The Inn at Cuckolds Lighthouse was, until the late 1800s, a beacon to help ships sailing in fog avoid two, rocky islets at the entrance to Booth Bay that were much feared by sailors. Seven years ago, a local citizens formed a group to take over and renovate the property that’s now open in summer months to visitors and overnight guests. There are two suites, the East and the West, and if you’re a couple who have dreamed about running an inn—or who have run an inn—this might just be where you want to spend mid-May through mid-October next year.
You’ll live in the Keeper’s Quarters on the property, and you’ll be expected to provide impeccable hospitality, including preparing hearty breakfasts, afternoon tea, and gourmet dinners for guests. You must also be comfortable handling the small craft that transports guests from the mainland to the inn.
You can apply here by writing Janet Reingold.
Email to apply for the job: firstname.lastname@example.org
Last month, Lufthansa Airlines said it would deliver a ready-to-heat, business-class meal to homes in Germany every Wednesday for about $13. But how about having dinner in a replica of Pan Am a Boeing 747? You can do that in Los Angeles.
Suddenly it’s 1970 again, and Pan Am is still a vibrant, international airline when you step inside the cabin of a 747 on the site of Air Hollywood, an aviation-themed studio used for shooting television show and movies. Air Hollywood teamed up with Anthony Toth, perhaps the world’s foremost collector of Pan Am memorabilia, to create what they call the Pan Am Experience. Flight attendants—excuse me, stewardesses—in vintage uniforms wheel that food cart right down the aisle to carve your chateaubriand as you watch.
No jeans allowed—guests are asked to dress up a bit, just like the old days. Dinner will cost you $297 to sit upstairs in first class, $30 less to sit downstairs, which is also first class. You’ll start with a shrimp and crabmeat cocktail and move onto the beef, chicken, or a vegetarian pasta main course. A dessert, fruit, and cheese trolley will follow with liquors and coffee. And ‘70s movies will play on the overhead projection system.
More info here.
I recently crossed a threshold of sorts—somewhere in the air between London and San Francisco, I crossed the million-mile mark in terms of flying Delta Air Lines a couple of weeks ago. These are actual miles flown on paid tickets—not flights using award miles.
I got to tell you, it exhausts me to think about it. I hit a million on American Airlines years ago when I lived on the East Coast. But since moving to St. Paul more than a decade ago, Delta became my go-to airline since that airline dominates the Minneapolis-St. Paul airport.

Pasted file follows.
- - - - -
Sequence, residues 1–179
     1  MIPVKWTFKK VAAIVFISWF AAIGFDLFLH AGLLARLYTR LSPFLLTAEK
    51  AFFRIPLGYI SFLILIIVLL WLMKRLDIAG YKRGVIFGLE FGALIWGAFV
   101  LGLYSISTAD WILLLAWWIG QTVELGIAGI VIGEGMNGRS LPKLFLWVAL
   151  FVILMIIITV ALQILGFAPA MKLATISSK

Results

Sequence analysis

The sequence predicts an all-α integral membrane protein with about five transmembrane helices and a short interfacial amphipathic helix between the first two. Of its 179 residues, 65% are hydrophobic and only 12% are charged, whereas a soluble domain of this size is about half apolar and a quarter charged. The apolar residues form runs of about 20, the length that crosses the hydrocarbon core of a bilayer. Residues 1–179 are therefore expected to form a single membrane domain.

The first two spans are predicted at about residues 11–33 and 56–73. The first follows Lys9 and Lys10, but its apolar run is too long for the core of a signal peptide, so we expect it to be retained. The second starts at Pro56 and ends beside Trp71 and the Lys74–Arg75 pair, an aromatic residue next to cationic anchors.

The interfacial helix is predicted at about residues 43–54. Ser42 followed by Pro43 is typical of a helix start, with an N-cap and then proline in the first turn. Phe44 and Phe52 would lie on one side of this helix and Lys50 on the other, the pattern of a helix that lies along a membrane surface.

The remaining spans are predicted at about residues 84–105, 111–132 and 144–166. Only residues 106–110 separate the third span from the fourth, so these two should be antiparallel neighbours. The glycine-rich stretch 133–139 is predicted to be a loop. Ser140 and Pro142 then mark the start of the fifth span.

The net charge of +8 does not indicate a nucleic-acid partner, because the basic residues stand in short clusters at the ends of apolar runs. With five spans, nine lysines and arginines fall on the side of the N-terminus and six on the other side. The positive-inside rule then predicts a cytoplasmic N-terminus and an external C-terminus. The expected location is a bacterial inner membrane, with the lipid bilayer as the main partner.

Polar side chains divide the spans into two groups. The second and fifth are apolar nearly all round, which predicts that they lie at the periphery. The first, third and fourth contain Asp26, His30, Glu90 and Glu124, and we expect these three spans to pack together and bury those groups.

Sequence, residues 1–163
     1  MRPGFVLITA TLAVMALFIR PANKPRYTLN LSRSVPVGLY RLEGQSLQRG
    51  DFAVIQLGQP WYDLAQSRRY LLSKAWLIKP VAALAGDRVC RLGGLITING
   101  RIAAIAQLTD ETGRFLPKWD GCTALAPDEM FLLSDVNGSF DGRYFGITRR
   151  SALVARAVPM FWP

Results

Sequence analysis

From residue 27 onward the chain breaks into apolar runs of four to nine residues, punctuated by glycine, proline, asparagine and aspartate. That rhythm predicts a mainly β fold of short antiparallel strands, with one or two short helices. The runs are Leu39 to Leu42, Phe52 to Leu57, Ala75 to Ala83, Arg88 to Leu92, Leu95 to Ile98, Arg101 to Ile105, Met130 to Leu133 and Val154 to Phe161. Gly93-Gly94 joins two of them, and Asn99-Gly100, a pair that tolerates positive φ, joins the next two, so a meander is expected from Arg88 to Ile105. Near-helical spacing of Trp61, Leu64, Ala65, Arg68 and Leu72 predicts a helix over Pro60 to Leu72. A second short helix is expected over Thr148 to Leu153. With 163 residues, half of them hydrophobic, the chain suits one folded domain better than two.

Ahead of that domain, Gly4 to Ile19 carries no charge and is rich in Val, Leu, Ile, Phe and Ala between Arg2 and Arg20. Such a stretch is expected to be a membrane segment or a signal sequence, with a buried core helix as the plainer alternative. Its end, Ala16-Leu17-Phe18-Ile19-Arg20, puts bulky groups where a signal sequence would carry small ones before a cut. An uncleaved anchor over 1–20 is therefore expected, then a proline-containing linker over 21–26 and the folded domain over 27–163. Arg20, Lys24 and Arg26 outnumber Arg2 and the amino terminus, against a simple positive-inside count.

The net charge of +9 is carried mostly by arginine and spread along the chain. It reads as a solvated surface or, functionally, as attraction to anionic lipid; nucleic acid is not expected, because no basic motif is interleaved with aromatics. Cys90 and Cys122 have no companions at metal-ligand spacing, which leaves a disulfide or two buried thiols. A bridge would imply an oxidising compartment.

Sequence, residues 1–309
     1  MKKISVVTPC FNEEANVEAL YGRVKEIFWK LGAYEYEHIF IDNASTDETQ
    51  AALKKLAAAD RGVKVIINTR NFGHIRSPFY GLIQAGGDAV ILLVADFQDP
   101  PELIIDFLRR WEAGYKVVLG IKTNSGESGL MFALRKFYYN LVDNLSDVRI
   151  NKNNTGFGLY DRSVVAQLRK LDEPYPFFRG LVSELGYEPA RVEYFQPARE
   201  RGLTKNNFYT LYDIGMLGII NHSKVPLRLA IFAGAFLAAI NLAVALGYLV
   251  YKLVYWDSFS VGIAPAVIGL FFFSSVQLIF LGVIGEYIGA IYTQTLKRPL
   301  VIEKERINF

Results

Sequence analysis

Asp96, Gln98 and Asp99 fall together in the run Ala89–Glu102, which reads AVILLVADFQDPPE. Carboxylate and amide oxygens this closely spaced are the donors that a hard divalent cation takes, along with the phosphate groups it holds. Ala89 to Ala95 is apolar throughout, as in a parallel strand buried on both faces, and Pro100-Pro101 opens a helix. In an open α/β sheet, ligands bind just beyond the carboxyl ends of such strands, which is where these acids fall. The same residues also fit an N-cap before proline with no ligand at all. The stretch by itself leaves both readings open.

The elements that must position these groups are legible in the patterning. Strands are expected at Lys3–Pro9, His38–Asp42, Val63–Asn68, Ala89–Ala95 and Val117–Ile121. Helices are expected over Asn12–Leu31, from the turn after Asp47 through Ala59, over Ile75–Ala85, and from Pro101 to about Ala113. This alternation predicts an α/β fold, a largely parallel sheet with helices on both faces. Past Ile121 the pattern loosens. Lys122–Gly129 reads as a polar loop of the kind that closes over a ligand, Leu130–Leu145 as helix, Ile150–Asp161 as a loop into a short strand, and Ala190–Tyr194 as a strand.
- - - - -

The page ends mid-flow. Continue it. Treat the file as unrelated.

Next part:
And now I’m a million-mile guy on Delta.
I think the airline sends me a new frequent flyer card with “million miler” on it, and I get to be a silver-level flyer for the rest of my life even if I don’t re-qualify each year. Other than that, who knows?
This is not an exclusive club— thousands of regular fliers rack up millions of miles on various airlines. A Chicago automotive sales consultant, Tom Stuker, has accumulated more than 13 million miles on United, and the airline painted his name on the side of a 747. Much as I enjoy flying, I’m not sure I ever want to reach that threshold.
This one is for all the germaphobes, and I know you’re out there. You wipe down your airline tray table with disinfectant, and you do the same with the telephone and television remote control in your hotel room.
But have you thought about popular tourist sites?
An online house cleaning service called Hassle.com recently listed the world’s 20-plus most bacteria-ridden attractions. Like Ireland’s Blarney Stone that’s kissed by 400,000 people. A year. Would you kiss someone who regularly kissed 400,000 others a year?
Then there are the railings of the Eiffel Tower, the “gum wall” in Seattle, and handprints outside Grauman’s Chinese Theatre in Hollywood.
And who knew so many visitors liked to kiss Marilyn Monroe’s crypt at Westwood Village’s Memorial Park in Southern California? Or that women like to kiss Oscar Wilde’s grave at the Paris cemetery where he’s buried so as to leave a lipstick print?
And have you thought about those pigeons fluttering all around your head in Venice’s St Mark’s Square? There, tourists actually try to touch the birds!
Of course, the fact I’m over 60 may make me more acutely aware of such things, but when I bought my ticket to ride Portland’s light rail, I saw several categories of tickets for purchase from a kiosk: regular passenger, student, and then—instead of “senior citizen”—the other option was . . . “honored citizen.”
Now I liked that. And, in fact, in most cultures, the older you get the more respect and honor accrues to you. In America, that’s not always the case. Where to put mom and dad or how to care for them is often more of a chore than a pleasure.
But my friend Dan Buettner studies the places in the world where people not only live longer but also enjoy a better quality of health into old age. He calls those places “Blue Zones,” and he’s written a book by that title. He found one key to longevity is feeling valued and waking each day with a sense of purpose, no matter what your age.
I think feeling honored by you family AND by society is all good.
Check out Dan’s web site here.